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Breastfeeding to sleep/co-sleeping - how to move on?

(17 Posts)
dorisbonkers Mon 10-Aug-09 21:11:44

Hi. I have a 9-1/2 month old daughter who I can't get to nap or sleep at night without breastfeeding her to sleep, or taking for long walks in a wrap. We also co-sleep (partly because I never had a cot apart from an Amby because we've moved country so I never got one, apart from just recently!)

I have for the most part been happy to do this and accept that as part of the attachment style of parenting that I've fallen into.

We're baby-led weaning and she's still a frequent breastfeeder. Partly my fault as she was a tiny baby and I was always worried she didn't feed enough so I never ever passed up an opportunity to feed her. She is feeding less because she's weaning well, but she's still at the breast a lot because she won't nap.

But I feel I'm still in newborn mode and I'm getting a bit panicky as I may return to part-time work when she's a year old. And I have also arranged to go out on my own this week and I'm a bit apprehensive leaving her with my partner (who can get her to sleep in an ergo if he walks her enough).

Also, sometimes she's so revved that I can't even breastfeed her to sleep - it's sometimes a struggle, and that's wearing me down a bit.

I've tried a bottle, I've resorted to dummies, but she doesn't drink much of a bottle and isn't an enthusiastic dummy taker (although I can sometimes catch her half alseep and get her back off with one).

She doesn't nap for long. 35 mins max, although if I catch her I can sometimes get her to an hour. But I have to sit with her on my lap and any attempt to move her means eyes wide open!

Needless to say, my bladder, my ability to cook and my sanity have taken a bit of a bashing.

We have a loosely structured day but a repeated bedtime sequence of dinner, bath, massage, bedtime story, bottle, then breast, then sleep, then move to her new cot.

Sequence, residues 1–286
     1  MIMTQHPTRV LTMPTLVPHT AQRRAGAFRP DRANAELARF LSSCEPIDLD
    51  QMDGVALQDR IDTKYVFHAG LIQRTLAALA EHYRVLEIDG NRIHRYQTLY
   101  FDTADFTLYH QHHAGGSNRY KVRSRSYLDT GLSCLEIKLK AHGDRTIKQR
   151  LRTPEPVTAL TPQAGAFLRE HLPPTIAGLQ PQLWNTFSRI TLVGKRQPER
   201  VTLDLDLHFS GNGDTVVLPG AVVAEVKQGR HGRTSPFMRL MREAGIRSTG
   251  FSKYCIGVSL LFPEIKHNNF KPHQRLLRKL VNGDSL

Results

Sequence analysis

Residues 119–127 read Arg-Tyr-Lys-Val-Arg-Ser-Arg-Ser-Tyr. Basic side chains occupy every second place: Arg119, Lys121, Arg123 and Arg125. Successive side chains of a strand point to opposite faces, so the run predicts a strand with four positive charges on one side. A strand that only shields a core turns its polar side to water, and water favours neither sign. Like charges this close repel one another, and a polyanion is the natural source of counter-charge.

She half wakes a few times in the night but by and large is sleeping at night -- that's not really my problem.

Has anyone successfully moved away from constant nursing down? I've read, and re-read Pantley's No Cry book and have done the pull-off technique, but it works at night, but I still have to feed her to get her to that state. It won't work at all for naps.

Yours hopefully...

suiledonn Mon 10-Aug-09 21:15:31

doris I am in a similar situation with dd2 who is almost 9 months old. Someone posted this link on a thread I was on recently. Haven't tried it yet but I have read through it quickly and it sounds like it might be helpful.

Babieseverywhere Mon 10-Aug-09 21:26:32

Eventually you'll find your daughter doesn't need to nurse to sleep, as she gets older.

I think one of the best things about breastfeeding is the way it helps babies/children fall to sleep quickly and easily. My year old DS still fall asleep when I nurse him especially in the evening, my nearly 3 year old daughter doesn't I can't remember when she stopped nursing to sleep.

So my advice would be enjoy the positive elements of nursing to sleep whilst they still work !!!

dorisbonkers Mon 10-Aug-09 21:39:16

I hear you BabiesEveryWhere! I love love love breastfeeding and I never resent doing it at night. And I'd say I have accepted and learned to love it -- and spurn my GF friends and family who think I am crackers.